Pattern matching is a key feature of most modern functional programming
languages since it allows clean and secure code to be
written. Internally, "pattern-matching forms" should be translated
(compiled) into cascades of "elementary tests" where code is made as
efficient as possible, avoiding redundant tests; STklos
"pattern matching compiler" provides this 1.
The technique used is described in details in
, and the code generated can be
The "pattern language" allows the expression of a wide variety
of patterns, including:
- Non-linear patterns: pattern variables can appear more than
once, allowing comparison of subparts of the datum (through eq-)
- Recursive patterns on lists: for example, checking that the
datum is a list of zero or more
as followed by zero or more
- Pattern matching on lists as well as on vectors.
6.1 STklos Pattern Matching Facilities
Only two special forms are provided for this in STklos:
(match-case <key> <clause> ...)
The argument key may be any expression and each clause has the form
A match-case expression is evaluated as follows:
(<pattern> <expression> ...)
<key> is evaluated
and the result is compared with each successive pattern. If the
in some clause yields a match, then the
<expression>s in that clause are
evaluated from left to right in an environment where the pattern variables
are bound to the corresponding subparts of
<key>, and the result of the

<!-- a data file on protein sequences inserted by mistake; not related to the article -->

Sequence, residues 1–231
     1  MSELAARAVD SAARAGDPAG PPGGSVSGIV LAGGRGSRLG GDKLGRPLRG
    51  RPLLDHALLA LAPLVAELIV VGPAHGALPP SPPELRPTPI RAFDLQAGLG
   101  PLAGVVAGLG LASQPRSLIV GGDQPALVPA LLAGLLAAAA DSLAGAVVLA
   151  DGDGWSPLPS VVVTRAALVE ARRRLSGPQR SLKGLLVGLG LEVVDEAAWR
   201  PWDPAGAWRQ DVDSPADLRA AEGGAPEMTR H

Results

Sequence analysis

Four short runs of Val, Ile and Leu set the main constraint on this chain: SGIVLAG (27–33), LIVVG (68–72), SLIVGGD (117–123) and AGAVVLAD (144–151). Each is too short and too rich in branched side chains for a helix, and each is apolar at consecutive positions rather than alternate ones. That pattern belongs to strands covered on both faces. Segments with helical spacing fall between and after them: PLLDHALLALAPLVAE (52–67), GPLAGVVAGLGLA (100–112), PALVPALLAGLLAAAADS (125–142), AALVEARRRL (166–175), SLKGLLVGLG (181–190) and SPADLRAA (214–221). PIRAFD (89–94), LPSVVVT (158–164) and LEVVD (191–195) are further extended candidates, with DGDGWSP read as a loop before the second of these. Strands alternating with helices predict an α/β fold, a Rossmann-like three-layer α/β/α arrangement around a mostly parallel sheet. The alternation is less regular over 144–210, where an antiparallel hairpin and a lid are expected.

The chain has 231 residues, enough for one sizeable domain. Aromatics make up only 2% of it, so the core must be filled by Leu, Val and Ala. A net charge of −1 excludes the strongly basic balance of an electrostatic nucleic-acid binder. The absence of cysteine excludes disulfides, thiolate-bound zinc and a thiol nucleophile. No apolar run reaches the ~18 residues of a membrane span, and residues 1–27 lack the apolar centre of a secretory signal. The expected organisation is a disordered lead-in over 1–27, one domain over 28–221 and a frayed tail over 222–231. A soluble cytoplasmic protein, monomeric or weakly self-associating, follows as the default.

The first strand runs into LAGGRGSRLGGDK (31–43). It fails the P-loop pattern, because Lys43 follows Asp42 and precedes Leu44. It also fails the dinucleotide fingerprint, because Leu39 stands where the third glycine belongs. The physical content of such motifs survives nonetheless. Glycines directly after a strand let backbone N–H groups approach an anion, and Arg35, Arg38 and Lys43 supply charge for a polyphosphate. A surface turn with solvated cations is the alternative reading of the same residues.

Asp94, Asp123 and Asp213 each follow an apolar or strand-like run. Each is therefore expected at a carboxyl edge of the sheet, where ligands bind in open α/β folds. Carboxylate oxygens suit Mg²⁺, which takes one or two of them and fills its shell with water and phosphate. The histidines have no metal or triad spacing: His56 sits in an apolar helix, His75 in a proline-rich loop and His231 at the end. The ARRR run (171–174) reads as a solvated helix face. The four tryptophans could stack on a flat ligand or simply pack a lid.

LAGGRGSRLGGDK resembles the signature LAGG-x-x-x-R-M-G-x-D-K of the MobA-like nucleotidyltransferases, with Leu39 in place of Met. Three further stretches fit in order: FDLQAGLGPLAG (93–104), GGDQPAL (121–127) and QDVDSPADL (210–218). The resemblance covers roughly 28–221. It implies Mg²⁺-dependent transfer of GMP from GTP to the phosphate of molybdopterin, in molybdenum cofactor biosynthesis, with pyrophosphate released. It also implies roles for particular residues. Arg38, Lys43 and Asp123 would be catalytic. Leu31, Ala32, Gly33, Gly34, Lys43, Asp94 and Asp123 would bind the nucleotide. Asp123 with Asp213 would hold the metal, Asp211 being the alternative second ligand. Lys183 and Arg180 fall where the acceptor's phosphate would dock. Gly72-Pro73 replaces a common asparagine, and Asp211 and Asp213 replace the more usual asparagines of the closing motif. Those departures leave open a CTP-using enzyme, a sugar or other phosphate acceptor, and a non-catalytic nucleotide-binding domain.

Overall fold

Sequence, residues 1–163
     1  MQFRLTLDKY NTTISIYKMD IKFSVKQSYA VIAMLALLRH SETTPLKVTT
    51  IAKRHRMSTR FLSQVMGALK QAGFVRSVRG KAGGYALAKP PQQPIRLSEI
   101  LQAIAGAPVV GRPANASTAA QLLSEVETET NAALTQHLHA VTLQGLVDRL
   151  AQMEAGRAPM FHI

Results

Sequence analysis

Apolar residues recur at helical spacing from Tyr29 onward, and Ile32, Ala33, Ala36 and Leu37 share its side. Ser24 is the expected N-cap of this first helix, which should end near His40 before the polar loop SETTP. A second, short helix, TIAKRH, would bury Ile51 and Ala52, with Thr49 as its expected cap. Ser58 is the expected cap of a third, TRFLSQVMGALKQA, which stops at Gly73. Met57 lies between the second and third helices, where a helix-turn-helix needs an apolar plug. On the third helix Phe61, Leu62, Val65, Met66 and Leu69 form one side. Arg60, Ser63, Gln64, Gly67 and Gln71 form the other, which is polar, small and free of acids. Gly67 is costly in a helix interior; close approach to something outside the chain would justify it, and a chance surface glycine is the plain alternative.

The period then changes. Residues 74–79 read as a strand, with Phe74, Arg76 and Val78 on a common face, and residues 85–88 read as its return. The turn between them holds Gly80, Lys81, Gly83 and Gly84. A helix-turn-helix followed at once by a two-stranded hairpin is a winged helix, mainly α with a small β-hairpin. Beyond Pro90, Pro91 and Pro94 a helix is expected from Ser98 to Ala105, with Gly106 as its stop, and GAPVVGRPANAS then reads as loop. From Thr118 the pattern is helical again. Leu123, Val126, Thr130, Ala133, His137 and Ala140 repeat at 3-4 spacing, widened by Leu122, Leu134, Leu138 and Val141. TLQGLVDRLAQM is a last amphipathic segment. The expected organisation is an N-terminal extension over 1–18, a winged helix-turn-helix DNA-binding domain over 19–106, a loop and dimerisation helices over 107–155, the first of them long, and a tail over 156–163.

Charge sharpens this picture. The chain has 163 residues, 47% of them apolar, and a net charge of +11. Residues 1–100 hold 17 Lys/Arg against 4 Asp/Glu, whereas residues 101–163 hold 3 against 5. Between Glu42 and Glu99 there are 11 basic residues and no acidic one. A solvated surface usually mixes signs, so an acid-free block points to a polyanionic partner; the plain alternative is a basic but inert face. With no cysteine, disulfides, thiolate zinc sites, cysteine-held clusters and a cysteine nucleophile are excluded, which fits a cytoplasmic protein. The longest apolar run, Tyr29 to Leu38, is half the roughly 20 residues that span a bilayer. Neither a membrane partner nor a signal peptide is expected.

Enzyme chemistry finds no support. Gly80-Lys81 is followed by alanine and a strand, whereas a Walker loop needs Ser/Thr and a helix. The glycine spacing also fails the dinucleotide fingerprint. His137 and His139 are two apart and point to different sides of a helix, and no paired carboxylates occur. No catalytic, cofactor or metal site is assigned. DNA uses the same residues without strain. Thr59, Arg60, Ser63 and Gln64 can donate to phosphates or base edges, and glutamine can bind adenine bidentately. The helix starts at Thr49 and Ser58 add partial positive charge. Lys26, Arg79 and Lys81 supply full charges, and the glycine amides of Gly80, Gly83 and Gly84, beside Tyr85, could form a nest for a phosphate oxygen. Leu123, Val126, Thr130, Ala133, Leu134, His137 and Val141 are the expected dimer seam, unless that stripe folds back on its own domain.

last expression in that clause is returned as the result of the
match-case expression. If no pattern in any clause matches the
then, if there is an
else clause, its expressions are evaluated and
the result of the last is the result of the whole
expression; otherwise the result of the
The equality predicate used for tests is
(match-case '(a b a)
((?x ?x) 'foo)
((?x ?- ?x) 'bar)) ⇒ bar
(match-case '(a (b c) d)
((?x ?y) (list 'length=2 y x))
((?x ?y ?z) (list 'length=3 z y x)))
⇒ (length=3 d (b c) a)
(match-lambda <clause> ...)
match-lambda expands into a lambda-expression expecting an argument
which, once applied to an expression, behaves exactly like a
((?x ?x) 'foo)
((?x ?- ?x) 'bar))
'(a b a)) ⇒ bar
The syntax for
<pattern> ==> Matches:
<atom> the <atom>.
| (kwote <atom>) any expression eq? to <atom>.
| (and <pat1> ... <patn>) if all of <pati> match.
| (or <pat1> ... ...<patn>) if any of <pat1> through <patn> matches.
| (not <pat>) if <pat> doesn't match.
| (? <predicate>) if <predicate> is true.
| (<pat1> ... <patn>) a list of n elements. Here, ... is a
meta-character denoting a finite repetition
| <pat> ... a (possibly empty) repetition
of <pat> in a list.
| #(<pat> ... <patn>) a vector of n elements.
| ?<id> anything, and binds id as a variable.
| ?- anything.
| ??- any (possibly empty) repetition of anything
in a list.
| ???- any end of list.
kwote must be quoted in order to be treated as
literals. This is the only justification for having the
kwote pattern since, by convention, any atom which is
not a keyword is quoted.
Explanations Through Examples
?- matches any s-expr.
a matches the atom
?a matches any expression, and binds the variable
(? integer?) matches any integer.
(a (a b)) matches the only list
'(a (a b)).
???- can only appear at the end of a list, and always succeeds.
(a ???-) is equivalent to
(a . ?-).
- when occurring in a list,
??- matches any
sequence of anything:
(a ??- b) matches any list whose
a and last
(a ...) matches any list of
a's, possibly empty.
(?x ?x) matches any list of length 2 whose
eq to its
((and (not a) ?x) ?x) matches any list of length
car is not eq to
'a but is
eq to its
#(?- ?- ???-) matches any vector whose length is at least 2.
... patterns can
not appear inside a vector, where you should use
#(a ??- b) or
#(a...) are invalid
#(a ???-) is valid and matches any
vector whose first element is the atom